Has the Time Come Where Ads Can “Read” You?

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In a world where self driving cars and drone delivery systems are being talked about as imminent realities rather than far flung dreams, the future seems to be arriving sooner than ever. In our continuing exploration of ethics in the digital age, we have shared much about the ideas of privacy and data collection. Today we share a new frontier in advertising that melds futuristic technology with a new set of questions and concerns.

So called “neuromarketing” has long been a dream of advertisers and marketing teams everywhere, one that is just now entering mainstream use. The concept involves the use of brain-imaging technology to help track, measure, and eventually predict a consumer’s response to advertising materials.

The idea behind neuromarketing is to anticipate the success of anything from a new product to a speech’s message by quantifying responses like anger, happiness, surprise, or sadness. While actual brain imaging is not used outside of laboratories and controlled studies (no one is giving you an MRI on the street) there are simple ways to collect and track similar data. The easiest comes in the form of cameras placed near or even inside an advertisement, such as a poster on the side of a bus shelter. These images are connected to computers which “read” facial expressions and eye movements, and translate them into emotions.

Advertisers love this idea because it gives them concrete and trackable data about the success of their messages. Part of the difficulty in advertising has always been in quantifying the value of an ad. Examining relationships between an ad campaign and sales only provides a vague idea of the ad’s success muddled by many other variables. Neuromarketing can cut through the clutter and go much further. Over time, as more data is collected and more definite patterns are established, the teams behind neuromarketing campaigns will be able to identify what levels of specific emotions indicate we are more likely to listen, purchase, or even vote a certain way. In other words, neuromarketing has the potential to know even more about your habits than you do, by tracking subconscious thoughts and emotional patterns.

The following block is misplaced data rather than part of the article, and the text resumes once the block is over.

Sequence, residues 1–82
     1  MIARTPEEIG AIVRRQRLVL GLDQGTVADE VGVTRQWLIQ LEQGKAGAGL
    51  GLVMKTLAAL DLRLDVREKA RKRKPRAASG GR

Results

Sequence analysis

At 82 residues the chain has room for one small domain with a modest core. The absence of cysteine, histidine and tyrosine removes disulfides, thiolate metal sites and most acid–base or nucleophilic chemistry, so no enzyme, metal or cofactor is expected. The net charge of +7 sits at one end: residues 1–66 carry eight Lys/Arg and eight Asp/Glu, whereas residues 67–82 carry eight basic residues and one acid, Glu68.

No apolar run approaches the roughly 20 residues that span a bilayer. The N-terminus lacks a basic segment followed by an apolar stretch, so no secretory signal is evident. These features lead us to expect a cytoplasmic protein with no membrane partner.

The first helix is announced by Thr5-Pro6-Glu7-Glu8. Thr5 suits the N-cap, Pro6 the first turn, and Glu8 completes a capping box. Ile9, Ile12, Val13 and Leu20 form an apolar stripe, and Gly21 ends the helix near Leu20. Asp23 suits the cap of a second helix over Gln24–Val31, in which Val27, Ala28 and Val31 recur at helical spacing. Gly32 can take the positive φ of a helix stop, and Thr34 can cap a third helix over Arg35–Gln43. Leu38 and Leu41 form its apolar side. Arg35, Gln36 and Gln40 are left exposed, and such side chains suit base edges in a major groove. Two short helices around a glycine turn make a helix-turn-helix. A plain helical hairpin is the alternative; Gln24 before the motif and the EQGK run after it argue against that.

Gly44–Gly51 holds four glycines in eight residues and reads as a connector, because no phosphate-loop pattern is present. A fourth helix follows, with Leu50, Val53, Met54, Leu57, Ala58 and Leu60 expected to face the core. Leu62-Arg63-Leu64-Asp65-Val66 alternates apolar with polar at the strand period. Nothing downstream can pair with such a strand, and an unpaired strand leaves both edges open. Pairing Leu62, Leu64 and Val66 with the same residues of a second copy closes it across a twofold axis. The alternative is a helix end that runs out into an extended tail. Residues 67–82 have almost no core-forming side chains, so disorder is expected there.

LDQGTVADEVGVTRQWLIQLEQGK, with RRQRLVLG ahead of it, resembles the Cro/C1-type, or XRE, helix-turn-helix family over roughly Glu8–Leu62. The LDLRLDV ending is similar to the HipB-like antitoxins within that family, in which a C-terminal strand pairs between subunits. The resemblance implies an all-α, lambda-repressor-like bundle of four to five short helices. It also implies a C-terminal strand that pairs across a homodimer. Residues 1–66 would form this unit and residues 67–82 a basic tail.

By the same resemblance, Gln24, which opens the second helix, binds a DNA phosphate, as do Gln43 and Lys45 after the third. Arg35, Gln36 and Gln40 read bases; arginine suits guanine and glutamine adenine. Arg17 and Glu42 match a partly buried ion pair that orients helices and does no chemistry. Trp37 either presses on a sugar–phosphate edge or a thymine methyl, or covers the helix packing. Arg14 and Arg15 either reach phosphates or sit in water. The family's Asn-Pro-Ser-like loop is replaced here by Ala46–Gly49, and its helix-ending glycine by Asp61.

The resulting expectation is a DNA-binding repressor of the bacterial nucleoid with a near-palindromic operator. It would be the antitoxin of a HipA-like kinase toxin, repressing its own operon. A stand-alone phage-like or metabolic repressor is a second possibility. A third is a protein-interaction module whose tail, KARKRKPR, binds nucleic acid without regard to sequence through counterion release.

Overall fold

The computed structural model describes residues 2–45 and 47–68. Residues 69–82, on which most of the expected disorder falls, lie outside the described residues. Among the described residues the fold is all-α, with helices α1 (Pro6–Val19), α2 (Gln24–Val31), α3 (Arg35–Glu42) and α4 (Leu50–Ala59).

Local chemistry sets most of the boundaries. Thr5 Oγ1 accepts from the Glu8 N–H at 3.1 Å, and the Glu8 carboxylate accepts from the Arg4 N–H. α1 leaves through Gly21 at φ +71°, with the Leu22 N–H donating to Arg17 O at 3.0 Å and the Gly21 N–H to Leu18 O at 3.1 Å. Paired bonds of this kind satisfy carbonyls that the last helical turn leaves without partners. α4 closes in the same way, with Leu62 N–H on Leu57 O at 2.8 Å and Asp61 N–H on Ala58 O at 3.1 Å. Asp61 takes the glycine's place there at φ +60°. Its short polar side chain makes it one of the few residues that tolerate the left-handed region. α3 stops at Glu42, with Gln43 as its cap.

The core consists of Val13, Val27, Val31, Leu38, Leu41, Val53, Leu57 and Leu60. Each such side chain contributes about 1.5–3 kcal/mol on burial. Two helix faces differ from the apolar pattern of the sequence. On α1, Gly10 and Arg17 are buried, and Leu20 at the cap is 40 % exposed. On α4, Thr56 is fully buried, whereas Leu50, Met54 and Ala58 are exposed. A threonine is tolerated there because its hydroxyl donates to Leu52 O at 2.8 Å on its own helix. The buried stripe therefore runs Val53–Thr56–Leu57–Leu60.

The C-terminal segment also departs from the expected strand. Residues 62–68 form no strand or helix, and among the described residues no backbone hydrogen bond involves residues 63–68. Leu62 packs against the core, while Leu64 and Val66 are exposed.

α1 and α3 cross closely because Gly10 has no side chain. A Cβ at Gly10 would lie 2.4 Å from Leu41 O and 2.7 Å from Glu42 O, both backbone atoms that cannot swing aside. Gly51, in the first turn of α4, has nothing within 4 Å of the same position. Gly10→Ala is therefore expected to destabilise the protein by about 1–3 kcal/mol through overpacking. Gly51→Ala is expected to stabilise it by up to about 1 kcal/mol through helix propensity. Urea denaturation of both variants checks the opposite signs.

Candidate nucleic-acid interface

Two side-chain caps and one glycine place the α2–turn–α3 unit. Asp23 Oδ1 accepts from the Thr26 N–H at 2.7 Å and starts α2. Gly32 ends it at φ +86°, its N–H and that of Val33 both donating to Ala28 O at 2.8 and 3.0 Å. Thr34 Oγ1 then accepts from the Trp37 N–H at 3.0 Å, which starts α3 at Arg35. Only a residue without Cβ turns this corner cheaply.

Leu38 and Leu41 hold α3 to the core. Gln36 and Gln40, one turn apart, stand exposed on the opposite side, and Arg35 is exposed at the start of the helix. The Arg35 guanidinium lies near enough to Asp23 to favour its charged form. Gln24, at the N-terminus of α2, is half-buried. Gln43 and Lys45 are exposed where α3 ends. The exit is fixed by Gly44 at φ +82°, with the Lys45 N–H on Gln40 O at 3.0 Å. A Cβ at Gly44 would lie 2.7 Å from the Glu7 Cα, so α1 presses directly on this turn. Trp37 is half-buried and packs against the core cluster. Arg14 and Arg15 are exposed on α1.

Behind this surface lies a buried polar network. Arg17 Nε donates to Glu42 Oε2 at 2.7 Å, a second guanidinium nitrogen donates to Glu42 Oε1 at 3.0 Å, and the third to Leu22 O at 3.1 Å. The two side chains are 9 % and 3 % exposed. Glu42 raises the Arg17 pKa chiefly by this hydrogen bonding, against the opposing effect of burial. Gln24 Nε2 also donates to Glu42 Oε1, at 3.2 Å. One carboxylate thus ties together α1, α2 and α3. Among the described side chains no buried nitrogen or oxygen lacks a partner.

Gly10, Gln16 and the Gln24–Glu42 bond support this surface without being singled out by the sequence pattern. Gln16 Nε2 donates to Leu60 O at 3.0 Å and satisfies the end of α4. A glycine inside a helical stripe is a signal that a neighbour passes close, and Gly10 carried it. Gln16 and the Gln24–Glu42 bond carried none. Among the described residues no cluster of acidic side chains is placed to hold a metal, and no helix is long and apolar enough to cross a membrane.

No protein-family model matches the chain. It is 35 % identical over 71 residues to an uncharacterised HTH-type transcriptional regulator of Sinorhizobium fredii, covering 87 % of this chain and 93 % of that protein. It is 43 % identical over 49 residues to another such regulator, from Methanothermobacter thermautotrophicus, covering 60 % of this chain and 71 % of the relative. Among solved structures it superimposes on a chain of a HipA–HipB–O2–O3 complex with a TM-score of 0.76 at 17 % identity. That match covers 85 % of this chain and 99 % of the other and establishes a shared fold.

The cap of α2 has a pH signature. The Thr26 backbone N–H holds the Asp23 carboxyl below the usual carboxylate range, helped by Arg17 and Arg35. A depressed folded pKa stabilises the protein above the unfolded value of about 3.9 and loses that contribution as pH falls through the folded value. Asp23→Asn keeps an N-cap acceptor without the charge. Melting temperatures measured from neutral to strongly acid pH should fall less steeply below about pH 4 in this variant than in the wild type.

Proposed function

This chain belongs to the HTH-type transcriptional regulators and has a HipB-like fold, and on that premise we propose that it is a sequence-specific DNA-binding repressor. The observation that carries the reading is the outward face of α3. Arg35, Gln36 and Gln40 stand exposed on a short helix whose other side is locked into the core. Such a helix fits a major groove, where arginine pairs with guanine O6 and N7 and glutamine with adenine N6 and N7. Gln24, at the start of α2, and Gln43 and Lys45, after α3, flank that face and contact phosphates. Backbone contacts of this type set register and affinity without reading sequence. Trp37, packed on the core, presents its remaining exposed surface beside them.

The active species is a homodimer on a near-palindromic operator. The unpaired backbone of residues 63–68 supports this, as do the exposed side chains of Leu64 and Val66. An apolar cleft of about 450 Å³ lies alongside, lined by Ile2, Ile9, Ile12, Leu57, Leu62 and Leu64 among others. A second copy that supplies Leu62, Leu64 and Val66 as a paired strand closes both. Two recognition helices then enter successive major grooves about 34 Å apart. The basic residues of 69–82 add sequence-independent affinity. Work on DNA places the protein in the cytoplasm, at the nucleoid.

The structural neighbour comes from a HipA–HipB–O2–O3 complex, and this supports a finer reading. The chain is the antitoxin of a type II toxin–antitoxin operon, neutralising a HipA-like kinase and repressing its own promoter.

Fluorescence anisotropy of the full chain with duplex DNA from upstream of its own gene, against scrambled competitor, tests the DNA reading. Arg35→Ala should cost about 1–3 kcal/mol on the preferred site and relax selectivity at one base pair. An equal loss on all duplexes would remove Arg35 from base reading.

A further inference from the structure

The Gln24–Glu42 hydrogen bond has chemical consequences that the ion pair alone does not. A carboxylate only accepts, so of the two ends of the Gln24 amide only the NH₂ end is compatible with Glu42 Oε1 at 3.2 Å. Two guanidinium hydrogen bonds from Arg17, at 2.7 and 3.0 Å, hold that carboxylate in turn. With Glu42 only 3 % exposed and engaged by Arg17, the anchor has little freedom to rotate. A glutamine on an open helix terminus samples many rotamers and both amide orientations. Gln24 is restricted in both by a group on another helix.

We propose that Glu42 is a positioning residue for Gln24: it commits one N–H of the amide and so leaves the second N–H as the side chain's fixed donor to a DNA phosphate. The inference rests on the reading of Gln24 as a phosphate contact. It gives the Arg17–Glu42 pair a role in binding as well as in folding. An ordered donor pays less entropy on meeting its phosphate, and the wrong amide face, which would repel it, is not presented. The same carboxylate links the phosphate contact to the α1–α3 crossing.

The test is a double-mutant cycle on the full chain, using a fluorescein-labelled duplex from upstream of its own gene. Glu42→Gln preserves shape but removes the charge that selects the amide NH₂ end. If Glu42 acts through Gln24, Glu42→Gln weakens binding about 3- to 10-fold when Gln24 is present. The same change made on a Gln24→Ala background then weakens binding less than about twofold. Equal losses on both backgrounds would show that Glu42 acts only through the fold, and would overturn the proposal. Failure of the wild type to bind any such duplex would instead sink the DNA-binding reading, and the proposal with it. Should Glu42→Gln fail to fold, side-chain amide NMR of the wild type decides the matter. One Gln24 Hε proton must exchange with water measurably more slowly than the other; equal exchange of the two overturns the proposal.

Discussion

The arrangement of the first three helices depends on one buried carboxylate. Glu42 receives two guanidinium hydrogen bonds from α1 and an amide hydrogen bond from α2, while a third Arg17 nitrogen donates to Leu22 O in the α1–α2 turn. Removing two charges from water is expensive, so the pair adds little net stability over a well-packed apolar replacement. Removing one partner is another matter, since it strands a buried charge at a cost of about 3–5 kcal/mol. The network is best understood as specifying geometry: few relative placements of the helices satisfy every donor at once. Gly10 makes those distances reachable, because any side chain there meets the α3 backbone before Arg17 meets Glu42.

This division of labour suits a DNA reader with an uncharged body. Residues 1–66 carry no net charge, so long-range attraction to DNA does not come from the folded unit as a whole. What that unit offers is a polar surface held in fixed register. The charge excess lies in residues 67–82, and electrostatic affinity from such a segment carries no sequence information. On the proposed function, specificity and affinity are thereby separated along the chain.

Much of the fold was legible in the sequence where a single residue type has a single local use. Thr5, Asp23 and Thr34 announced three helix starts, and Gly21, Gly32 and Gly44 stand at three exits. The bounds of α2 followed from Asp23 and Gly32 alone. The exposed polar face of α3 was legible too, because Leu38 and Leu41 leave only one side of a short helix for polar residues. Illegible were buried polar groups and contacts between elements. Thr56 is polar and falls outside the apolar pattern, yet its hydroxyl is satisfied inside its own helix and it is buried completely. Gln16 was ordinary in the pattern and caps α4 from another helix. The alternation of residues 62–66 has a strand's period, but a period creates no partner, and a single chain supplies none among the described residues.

If you think that the concept sounds just a little off-putting, you aren’t alone. Neuromarketing is still in its infancy, but clearly has very powerful potential. Like all power, it also has the possibility to be misused. While it isn’t quite mind reading, it starts to sound a lot like going inside a person’s brain, and there are obvious concerns about privacy. The far reaching possible uses are also as troubling as they are exciting. While many might be fine with using neuromarketing to try to sell someone say, a bag of chips, would we feel differently if that technology was trying to sell them tobacco? The technology could be used to collect data and influence political campaigns, or public messages. Is it less right to use data that could be seen as giving the power to manipulate the masses for something as important as public policy?

In order to further inform yourselves, we recommend reading the article about neuromarketing recently published in New York Magazine. It provides examples of case studies that have been performed, as well as ideas for potential uses. Read the article and discuss these concepts as a family. Is this technology a good idea or something we should wade into cautiously? What are some areas in which you could see it being especially hurtful, or helpful?

To further your discussion of this article, we recommend some of our other tech ethics articles, including “Online Data Manipulation: The Ethics of the Future,” “Is Technology Tricking You Into Over-Tipping?,” and “A New Car That Lets Parents Track Their Teens.”

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